Sin Sze Si Ya Temple, built in 1864 by Kapitan Yap Ah Loy, is hailed as the oldest Taoist temple in Kuala Lumpur. Situated just a three-minute walk away from Petaling Street, the temple also functions as a cultural centre for the city’s Chinese community and is usually filled with devotees during significant occasions such as Chinese New Year. Sin Sze Ya Temple is dedicated to patron deities Sin Sze Ya and Si Sze Ya, who played significant roles in Yap Ah Loy's ascension to Kapitan status during the 19th century.
A tranquil place of worship in the middle of the ever-bustling Chinatown KL, the temple comprises a main prayer hall and two smaller side halls while the temple grounds host open-air pavilions with intricately carved panels where devotees can light incense and joss sticks. The temple entrance features two sedan chairs that are more than 100 years old, as well as a memorial plaque in honour of Chan Sow Lin, Yap Ah Shak, Yap Ah Loy, and Yap Kwan Seng.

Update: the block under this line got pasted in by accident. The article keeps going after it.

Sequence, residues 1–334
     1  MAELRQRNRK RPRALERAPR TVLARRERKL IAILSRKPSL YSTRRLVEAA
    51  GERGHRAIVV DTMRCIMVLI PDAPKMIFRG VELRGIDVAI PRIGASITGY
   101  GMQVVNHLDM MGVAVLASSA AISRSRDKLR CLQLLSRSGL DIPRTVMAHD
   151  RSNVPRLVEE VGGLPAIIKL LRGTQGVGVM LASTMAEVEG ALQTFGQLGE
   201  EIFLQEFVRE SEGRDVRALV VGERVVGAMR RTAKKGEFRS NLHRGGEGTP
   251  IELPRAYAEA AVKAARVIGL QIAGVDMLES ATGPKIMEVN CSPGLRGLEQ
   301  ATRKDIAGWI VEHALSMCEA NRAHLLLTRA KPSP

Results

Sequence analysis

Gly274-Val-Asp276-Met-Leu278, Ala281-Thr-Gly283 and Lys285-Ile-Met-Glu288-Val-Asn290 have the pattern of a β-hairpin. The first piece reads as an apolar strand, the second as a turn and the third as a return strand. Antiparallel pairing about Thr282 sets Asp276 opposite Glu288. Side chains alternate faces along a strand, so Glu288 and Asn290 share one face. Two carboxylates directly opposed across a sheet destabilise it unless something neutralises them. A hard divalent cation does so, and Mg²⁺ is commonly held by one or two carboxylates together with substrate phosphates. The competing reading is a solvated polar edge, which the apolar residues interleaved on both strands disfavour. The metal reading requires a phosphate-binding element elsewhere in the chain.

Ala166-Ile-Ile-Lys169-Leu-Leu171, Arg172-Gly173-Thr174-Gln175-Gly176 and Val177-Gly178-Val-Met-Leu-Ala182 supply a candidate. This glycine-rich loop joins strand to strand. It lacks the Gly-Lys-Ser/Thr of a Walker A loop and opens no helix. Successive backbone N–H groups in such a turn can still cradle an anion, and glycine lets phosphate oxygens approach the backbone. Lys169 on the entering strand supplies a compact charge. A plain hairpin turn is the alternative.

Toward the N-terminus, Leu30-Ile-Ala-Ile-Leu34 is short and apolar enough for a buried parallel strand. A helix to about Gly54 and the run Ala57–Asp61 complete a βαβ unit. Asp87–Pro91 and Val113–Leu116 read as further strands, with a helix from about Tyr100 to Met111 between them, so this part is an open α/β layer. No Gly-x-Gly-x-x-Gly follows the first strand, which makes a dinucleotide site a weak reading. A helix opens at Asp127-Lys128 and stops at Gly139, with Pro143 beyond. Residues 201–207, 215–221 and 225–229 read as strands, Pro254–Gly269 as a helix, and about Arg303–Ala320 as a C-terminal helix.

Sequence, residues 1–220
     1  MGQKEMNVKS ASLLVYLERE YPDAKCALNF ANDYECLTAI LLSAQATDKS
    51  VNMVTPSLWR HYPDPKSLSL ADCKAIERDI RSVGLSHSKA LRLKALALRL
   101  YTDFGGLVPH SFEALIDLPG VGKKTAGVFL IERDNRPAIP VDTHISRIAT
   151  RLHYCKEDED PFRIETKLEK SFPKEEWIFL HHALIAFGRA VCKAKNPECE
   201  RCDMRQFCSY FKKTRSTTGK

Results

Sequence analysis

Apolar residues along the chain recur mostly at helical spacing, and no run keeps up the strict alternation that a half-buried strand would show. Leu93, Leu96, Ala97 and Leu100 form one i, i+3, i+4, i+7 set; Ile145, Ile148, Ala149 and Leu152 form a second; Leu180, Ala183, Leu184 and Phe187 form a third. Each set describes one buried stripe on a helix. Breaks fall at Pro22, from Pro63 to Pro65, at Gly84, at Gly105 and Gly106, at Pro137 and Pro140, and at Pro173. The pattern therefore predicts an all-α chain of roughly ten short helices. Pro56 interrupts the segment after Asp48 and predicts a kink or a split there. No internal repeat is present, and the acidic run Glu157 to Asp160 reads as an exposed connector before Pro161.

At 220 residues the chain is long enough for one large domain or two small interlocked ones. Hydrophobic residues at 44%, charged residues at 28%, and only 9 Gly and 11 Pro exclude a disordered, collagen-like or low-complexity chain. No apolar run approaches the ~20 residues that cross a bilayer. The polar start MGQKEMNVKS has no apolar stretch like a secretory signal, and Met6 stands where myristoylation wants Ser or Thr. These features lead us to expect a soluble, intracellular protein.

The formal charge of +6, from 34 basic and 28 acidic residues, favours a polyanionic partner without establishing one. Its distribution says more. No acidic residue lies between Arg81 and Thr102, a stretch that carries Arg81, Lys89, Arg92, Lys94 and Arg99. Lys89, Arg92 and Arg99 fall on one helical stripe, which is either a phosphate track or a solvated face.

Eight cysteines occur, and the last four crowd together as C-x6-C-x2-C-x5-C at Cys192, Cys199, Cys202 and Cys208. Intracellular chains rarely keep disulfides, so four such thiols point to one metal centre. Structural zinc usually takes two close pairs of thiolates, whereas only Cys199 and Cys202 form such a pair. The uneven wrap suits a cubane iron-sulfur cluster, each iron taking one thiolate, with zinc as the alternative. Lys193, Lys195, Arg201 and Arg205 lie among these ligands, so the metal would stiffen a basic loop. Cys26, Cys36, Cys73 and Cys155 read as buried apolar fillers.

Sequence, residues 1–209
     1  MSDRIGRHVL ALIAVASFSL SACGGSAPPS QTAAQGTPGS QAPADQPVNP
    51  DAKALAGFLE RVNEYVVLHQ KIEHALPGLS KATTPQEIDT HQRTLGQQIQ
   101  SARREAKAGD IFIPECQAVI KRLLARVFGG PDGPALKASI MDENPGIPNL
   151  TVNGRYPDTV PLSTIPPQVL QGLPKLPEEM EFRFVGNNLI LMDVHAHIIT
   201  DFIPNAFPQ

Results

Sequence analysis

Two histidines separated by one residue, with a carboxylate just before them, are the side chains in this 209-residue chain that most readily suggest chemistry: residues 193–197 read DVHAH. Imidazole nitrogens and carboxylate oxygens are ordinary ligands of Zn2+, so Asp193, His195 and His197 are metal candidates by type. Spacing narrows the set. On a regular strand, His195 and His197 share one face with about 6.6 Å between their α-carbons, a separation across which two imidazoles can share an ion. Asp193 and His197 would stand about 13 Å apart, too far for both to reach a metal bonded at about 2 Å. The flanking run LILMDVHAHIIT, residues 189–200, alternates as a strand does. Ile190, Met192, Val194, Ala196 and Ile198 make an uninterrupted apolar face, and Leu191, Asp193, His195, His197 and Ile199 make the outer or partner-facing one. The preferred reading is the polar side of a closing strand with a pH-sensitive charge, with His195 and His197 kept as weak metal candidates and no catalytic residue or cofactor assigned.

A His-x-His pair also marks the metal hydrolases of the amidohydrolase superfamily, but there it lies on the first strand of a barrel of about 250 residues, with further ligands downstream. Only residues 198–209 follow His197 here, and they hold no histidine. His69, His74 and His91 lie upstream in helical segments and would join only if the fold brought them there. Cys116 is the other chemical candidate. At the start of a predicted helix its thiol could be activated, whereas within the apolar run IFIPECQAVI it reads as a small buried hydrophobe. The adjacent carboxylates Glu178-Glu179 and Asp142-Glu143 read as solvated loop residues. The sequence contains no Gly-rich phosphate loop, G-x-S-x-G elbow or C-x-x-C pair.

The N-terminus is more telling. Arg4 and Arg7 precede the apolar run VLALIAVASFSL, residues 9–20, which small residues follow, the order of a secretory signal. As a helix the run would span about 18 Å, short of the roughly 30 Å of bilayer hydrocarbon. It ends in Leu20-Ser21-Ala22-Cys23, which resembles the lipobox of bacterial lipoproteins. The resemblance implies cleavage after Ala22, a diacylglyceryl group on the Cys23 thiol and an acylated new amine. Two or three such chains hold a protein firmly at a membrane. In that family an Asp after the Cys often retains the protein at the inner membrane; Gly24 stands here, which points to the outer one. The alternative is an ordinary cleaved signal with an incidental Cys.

Before major exams, many local Chinese students flock to Sin Sze Ya Temple to pray for good luck from Wenchang Dijun, who is the God of Education in Chinese mythology. Other unique Taoist practices include crawling under a table right in front of statues of Sin Sze Ye and Sze Ye to help lessen mortal burdens as well as circling the temple’s main altar three times to bring good fortune.
Fortune-telling is also carried out in Sin Sze Ya Temple, where devotees rattle a container filled with kao chim (fortune-telling sticks) until one falls out. After finding the paper slip that corresponds to the number on the fallen stick, a temple caretaker can help decipher their future or prophecy for RM1.
Easily accessible via public transportation, the best way to get to Sin Sze Ya Temple is to take the LRT train to the Pasar Seni station or Masjid Jamek station. The temple is just a six-minute walk away from both stops.
Sin Sze Si Ya Temple
- Opening Hours: Daily 07:00 – 17:00
- Address: 113A Jalan Tun HS Lee, 14A Leboh Pudu, Kuala Lumpur
- Tel: +603 2078 9052